"From an archeological standpoint, much has been observed but little has been done to provide an explanation for the existence of human and animal remains found deep within these caves. It is not uncommon to find more ‘recent’ Mayan artifacts at the entrances to the caves. Perhaps some of these artifacts predate the Olmec civilization and could shed light on the distribution of human life in pre-Columbian America."

"Our biggest surprise came from the abundance of evidence found to support the fact that a large ancient Mayan population once inhabited the area. In addition to pyramid structures, small temples, platforms, and stairways, near to or within cenotes, we also observed and documented artifacts within the cenotes themselves."

From another article at the same site:

"The combination of geologic events, climatic change and the impact of a large asteroid have lead to the development of an incredibly unique and important ecosystem in Mexico's Yucatan Peninsula. The systems of underground rivers and cenotes are only just beginning to be studied but already they are showing that they play an important role in the transport of fresh water from the inland jungle to the Caribbean Sea. If one were to drive from Cancun to Belize not one bridge would be crossed. There are no superficial rivers or streams at all in the area. All the water within the peninsula is transported through the intricate cave systems that crisscross the peninsula. At this point in time we estimate that close to 350 miles of underground caves have been explored in the area between Playa del Carmen and Tulum. Although that may sound like quite a lot there is still quite some work to be done. We hope that the following summaries will help you better understand how the underground rivers were formed. ..."

As to the question of how many air tanks are used -- here's the amazing answer from their FAQs:

"For a typical 'push' exploration dive a diver will have as many as 5-6 tanks in addition to 2 scooters and the required equipment. If you were able to put all of this on a scale you would be looking at about 300 lbs. of gear!!! Of course, we put most of it on once we get in the water. Still, the drag that all of that equipment can create while swimming can be a real...well..drag."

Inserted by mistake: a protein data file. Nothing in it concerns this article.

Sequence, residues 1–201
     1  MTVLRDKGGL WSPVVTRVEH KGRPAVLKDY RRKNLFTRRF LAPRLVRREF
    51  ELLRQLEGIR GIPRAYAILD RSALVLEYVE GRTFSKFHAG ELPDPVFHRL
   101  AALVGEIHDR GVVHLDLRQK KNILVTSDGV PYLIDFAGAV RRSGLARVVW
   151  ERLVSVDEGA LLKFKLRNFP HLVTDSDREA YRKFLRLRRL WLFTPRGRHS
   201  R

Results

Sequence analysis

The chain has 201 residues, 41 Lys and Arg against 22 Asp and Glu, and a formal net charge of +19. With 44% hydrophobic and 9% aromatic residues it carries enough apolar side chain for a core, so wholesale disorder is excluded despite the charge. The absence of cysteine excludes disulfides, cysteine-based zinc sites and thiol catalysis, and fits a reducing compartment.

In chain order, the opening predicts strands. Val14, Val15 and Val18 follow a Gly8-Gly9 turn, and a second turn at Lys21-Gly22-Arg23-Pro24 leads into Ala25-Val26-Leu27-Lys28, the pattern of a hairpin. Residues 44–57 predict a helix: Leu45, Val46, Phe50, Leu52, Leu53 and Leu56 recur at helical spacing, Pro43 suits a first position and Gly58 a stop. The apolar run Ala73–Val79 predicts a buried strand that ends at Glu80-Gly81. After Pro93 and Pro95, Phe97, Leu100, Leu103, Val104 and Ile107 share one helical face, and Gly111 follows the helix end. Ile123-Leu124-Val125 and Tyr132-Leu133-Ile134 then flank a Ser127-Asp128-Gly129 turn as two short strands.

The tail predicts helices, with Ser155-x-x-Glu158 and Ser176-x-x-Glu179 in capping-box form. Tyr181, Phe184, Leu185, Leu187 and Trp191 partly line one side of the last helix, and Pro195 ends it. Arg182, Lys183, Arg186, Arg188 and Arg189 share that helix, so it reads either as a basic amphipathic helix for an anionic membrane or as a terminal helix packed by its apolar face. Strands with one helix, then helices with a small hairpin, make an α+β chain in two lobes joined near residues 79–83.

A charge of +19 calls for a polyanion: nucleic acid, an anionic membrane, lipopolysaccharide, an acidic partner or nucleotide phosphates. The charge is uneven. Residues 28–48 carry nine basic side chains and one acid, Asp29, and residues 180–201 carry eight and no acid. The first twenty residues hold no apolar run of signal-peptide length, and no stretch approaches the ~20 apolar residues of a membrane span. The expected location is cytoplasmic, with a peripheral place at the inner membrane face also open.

"Why do you cave dive?

This is a fairly hard question to answer as we all do things for different reasons. To be sure, exploring anything is a thrill. We can say without any argument that more people have been on the moon than in Ox Bel Ha! We are the first people to have entered many of these caves since the last ice age, if ever. To enter into a large decorated cave gallery and shine light on it for the first time is beyond comparison."

If I were rich, I'd be out buying scuba gear and signing up for diving and Spanish lessons this afternoon. ;-)

Kat

Anonymous's picture

The Cosquer Cave "contains several dozen works painted and engraved between 27,000 and 19,000 years ago." "Marching along the humid walls are horses, bison, aurochs, ibex and chamois, various members of the cervidae family, a feline, and some as yet unidentified animals. A total of 142 animals."

29,000 year old series of fifty-five stencilled hands, some apparently missing digits, in the Cosquer Cave.

"None of the skeletons of the Upper Paleolithic era found to date had hands with incomplete phalanxes. The most probable hypothesis [for the missing fingers] is that the hands were drawn with bent fingers to represent a sign of greeting or a coded language. This was probably associated with hunting and various rituals, thus similar to the silent language once used by hunting peoples such as the Bushmen and the Australian Aborigines."

Could this be a hint that humans traveled between France and Australia 29,000 years ago?